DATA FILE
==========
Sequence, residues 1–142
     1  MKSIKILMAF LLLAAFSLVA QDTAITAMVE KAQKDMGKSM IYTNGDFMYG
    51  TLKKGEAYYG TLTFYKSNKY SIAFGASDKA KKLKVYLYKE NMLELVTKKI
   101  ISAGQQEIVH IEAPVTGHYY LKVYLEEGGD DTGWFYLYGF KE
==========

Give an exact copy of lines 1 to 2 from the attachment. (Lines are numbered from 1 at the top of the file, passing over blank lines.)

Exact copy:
Sequence, residues 1–142
     1  MKSIKILMAF LLLAAFSLVA QDTAITAMVE KAQKDMGKSM IYTNGDFMYG